• Time Periods.  The proposed rules also formalize specific time periods relating to the SDP, including as to:
    • Receipt and Review.  Under the proposed rules, OMIG must acknowledge receipt, review the Self-Disclosure Statement and consider requests for a waiver of interest and/or repayment through installment payments, and complete its “preliminary review” within twenty (20) days of the submission.  Once OMIG has completed its review of the Self-Disclosure Statement, it must notify the person whether the submission is accepted or if it is found to be incomplete.
    • Tolling.  The deadline for reporting, returning and explaining an overpayment is tolled when OMIG acknowledges and accepts a Self-Disclosure Statement – and will remain tolled until:  (i) a Self-Dislcosure and Compliance Agreement is fully executed; (ii) the person withdraws from the SDP; (iii) the person repays the full amount of the overpayment along with any interest due, as determined by OMIG after its review; or (iv) OMIG terminates the person’s participation in the SDP.  For Medicaid Managed Care Organization overpayments, the obligation to report, return and explain overpayments is satisfied if the deadline for doing so is met by reporting and returning the overpayment to the Medicaid Managed Care Organization.
    • Requests for Additional Information.  OMIG may, at any time, request additional information or data, and a response must be received within fifteen (15) days of the date of OMIG’s notice, or a longer period of time if extended by OMIG for “good cause.”
  • Self-Disclosure and Compliance Agreement (“SDCA”)The proposed rules create what OMIG refers to as a SDCA.  Currently, OMIG either issues a “final letter” requiring repayment in connection with self-disclosures, or in certain cases, enters into what it refers to as a “Repayment Agreement” or “Stipulation of Settlement” with the provider.   Under the proposed rules, a SDCA is defined as a “stipulation of settlement” that constitutes “a binding contract between the [disclosing] person and OMIG” and includes, at minimum:  (i) an agreement to repay the overpayment and interest, if applicable, as determined by OMIG, (ii) an agreement to make all installment payments on time (if applicable), and (iii) identification of, and agreement to implement, any corrective actions to prevent recurrence of the issues that caused the overpayment.  How a SDCA may differ from existing OMIG agreements resolving self-disclosure matters remains to be seen.  The proposed rules also require that a SDCA be executed, returned and received by OMIG within fifteen (15) days of receipt, unless OMIG permits otherwise.  If the timeline for executing and returning the SDCA is not met, participation in the SDP “shall be terminated.”  Among other things, under the proposed rules, such termination ends the tolling of the deadline within which one must return the overpayment.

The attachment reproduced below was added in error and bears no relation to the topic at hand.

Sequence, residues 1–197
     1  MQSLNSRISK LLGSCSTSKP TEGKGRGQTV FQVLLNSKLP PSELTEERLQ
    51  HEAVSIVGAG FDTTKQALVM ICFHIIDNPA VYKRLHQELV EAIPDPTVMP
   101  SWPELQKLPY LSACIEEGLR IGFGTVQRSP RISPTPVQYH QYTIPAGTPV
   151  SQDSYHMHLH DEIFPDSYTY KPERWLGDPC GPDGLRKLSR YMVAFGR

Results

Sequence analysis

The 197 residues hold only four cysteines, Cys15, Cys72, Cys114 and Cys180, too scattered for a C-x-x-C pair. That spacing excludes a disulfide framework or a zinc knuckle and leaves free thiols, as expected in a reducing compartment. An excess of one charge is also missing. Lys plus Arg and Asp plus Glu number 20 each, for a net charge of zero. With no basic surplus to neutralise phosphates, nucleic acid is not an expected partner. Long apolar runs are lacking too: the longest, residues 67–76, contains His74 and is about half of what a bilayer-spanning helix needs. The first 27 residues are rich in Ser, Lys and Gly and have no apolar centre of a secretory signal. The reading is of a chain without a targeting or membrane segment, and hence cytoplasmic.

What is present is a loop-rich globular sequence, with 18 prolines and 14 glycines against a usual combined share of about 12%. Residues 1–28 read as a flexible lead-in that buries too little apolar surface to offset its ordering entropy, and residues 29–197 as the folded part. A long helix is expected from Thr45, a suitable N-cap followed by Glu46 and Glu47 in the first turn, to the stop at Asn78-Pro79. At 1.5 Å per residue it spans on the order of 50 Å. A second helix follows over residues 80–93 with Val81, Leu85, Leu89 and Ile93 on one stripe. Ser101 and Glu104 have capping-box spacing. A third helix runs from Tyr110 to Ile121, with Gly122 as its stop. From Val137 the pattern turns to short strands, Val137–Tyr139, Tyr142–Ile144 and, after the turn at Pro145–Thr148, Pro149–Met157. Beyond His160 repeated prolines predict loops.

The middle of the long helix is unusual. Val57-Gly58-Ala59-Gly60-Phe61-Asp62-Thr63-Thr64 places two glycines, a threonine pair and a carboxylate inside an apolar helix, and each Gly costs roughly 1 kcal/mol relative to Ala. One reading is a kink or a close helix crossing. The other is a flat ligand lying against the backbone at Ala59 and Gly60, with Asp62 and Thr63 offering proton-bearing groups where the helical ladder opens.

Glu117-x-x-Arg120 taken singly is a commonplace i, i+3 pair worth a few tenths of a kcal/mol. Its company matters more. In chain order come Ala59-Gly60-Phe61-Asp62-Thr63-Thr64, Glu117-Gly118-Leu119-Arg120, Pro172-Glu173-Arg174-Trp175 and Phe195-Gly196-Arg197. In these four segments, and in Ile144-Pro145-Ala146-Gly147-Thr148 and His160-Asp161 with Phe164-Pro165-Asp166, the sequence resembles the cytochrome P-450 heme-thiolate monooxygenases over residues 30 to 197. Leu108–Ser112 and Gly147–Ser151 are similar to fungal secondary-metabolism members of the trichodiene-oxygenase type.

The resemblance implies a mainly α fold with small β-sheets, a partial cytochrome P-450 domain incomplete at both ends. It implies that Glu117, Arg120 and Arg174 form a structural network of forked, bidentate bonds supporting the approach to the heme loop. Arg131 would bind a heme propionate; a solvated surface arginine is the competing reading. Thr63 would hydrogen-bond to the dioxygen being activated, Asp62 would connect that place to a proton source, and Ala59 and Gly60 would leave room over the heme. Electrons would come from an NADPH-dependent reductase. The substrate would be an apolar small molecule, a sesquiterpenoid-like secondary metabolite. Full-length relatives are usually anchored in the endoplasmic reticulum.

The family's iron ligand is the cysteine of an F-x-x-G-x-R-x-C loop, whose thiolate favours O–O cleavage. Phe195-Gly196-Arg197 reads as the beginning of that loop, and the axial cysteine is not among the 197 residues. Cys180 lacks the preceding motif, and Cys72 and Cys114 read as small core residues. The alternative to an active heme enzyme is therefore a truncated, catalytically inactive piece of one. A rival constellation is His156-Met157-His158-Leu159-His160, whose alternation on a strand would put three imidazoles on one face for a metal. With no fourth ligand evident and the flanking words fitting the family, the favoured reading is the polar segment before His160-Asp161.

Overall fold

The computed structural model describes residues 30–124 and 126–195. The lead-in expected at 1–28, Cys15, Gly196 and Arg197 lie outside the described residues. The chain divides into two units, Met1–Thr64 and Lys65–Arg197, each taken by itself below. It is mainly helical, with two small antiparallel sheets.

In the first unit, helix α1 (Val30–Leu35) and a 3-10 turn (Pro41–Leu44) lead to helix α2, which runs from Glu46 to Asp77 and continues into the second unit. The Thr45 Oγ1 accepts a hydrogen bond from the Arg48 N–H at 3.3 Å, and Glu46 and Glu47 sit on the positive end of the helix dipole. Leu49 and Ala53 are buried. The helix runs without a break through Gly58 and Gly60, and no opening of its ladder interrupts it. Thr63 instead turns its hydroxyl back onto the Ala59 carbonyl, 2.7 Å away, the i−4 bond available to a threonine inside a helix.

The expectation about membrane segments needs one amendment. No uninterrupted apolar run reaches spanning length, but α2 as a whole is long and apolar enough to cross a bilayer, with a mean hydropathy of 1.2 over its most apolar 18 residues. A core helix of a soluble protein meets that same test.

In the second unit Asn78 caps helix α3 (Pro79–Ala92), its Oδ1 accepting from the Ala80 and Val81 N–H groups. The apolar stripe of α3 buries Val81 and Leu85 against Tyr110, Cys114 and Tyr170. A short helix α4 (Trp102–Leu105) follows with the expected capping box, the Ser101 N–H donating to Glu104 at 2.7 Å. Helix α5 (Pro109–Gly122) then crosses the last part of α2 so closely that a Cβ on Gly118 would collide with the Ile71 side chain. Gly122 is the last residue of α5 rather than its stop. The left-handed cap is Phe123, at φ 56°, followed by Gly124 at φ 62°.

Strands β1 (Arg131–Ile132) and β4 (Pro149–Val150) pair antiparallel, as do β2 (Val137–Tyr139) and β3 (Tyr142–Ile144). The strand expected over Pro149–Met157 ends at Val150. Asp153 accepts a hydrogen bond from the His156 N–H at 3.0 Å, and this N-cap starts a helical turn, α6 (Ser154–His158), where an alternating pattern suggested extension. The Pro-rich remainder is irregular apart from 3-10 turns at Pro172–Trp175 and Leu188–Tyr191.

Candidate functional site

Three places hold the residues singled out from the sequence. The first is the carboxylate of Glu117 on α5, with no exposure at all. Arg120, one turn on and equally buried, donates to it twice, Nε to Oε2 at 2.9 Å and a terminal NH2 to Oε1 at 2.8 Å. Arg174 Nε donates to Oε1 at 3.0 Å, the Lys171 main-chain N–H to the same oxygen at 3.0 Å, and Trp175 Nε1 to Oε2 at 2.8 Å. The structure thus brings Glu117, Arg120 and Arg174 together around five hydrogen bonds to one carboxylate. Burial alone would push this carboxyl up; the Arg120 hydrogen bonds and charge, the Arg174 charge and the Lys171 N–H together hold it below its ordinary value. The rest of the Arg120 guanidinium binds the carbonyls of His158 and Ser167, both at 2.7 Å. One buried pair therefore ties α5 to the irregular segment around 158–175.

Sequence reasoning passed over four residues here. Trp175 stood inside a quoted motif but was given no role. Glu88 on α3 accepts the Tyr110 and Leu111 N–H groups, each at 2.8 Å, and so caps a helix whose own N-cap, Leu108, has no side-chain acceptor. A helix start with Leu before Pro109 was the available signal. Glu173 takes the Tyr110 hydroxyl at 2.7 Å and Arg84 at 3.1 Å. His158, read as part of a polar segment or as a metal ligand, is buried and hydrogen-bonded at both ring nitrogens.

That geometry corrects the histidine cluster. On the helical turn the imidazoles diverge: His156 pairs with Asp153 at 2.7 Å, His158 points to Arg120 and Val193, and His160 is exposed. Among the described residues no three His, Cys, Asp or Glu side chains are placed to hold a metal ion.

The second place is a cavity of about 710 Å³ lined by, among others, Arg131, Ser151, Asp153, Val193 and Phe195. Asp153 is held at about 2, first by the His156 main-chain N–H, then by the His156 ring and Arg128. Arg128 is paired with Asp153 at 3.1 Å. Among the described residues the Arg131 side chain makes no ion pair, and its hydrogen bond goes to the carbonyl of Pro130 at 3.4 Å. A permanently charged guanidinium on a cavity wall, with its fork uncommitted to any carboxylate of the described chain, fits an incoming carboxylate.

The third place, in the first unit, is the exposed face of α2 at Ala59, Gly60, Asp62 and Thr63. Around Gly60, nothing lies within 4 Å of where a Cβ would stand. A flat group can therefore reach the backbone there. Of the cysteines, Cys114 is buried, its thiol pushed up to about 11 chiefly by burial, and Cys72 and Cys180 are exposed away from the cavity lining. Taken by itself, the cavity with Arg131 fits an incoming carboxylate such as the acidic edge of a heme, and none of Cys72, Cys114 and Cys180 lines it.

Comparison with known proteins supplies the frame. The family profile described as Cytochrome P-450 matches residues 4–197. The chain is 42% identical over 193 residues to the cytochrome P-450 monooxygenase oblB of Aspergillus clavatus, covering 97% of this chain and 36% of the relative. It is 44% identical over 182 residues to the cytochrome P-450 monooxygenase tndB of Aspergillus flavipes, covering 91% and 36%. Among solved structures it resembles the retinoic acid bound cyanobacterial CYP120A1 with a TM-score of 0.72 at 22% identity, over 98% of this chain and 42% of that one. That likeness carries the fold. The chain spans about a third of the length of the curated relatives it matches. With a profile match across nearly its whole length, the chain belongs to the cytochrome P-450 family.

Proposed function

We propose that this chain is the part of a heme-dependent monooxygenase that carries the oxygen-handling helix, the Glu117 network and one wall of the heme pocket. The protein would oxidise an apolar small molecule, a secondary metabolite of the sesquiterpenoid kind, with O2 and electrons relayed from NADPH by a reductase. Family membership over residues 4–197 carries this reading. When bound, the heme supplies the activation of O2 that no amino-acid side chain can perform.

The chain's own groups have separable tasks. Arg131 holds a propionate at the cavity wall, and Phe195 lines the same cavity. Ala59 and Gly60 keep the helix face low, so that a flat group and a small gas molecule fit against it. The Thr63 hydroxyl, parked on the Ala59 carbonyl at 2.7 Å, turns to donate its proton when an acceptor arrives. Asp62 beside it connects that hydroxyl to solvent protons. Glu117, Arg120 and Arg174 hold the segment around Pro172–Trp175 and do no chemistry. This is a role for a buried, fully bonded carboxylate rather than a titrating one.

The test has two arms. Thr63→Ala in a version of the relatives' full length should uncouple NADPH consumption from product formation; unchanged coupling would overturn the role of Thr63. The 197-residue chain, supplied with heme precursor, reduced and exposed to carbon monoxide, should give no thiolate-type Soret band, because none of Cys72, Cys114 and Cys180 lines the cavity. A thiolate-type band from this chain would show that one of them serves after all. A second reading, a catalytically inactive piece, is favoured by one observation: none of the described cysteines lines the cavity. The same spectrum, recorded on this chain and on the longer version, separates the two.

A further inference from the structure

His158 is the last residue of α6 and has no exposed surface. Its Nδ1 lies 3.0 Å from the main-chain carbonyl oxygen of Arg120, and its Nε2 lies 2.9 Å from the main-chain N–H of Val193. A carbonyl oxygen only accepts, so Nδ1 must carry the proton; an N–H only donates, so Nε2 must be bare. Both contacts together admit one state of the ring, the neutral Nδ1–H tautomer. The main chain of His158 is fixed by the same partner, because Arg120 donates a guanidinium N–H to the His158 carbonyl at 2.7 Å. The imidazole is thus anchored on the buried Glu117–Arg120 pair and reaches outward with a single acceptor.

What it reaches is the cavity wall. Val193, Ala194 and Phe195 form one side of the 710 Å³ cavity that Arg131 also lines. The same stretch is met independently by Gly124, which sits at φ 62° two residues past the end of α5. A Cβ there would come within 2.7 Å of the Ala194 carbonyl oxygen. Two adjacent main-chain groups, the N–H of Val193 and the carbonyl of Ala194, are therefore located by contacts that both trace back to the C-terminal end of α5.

• Enforcement.  The proposed rules also reiterate the SOS’s admonition that a failure to report, return and explain an overpayment by the deadline may result in significant monetary penalties pursuant under New York law – as well as other sanctions or penalties under applicable law.

A copy of the proposed regulations may be found here: (see proposed 18 NYCRR Subpart 521-3).  The comment period for the proposed regulations runs until September 12, 2022. 

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Garfunkel Wild routinely advises its clients on self-disclosures to OMIG, to the U.S. Department of Health and Human Services, Office of Inspector General, to Medicare Administrative Contractors, and to managed care and other payers. Should you have any questions regarding self-disclosures or this Alert, please contact the Garfunkel Wild attorney with whom you regularly work, or contact us at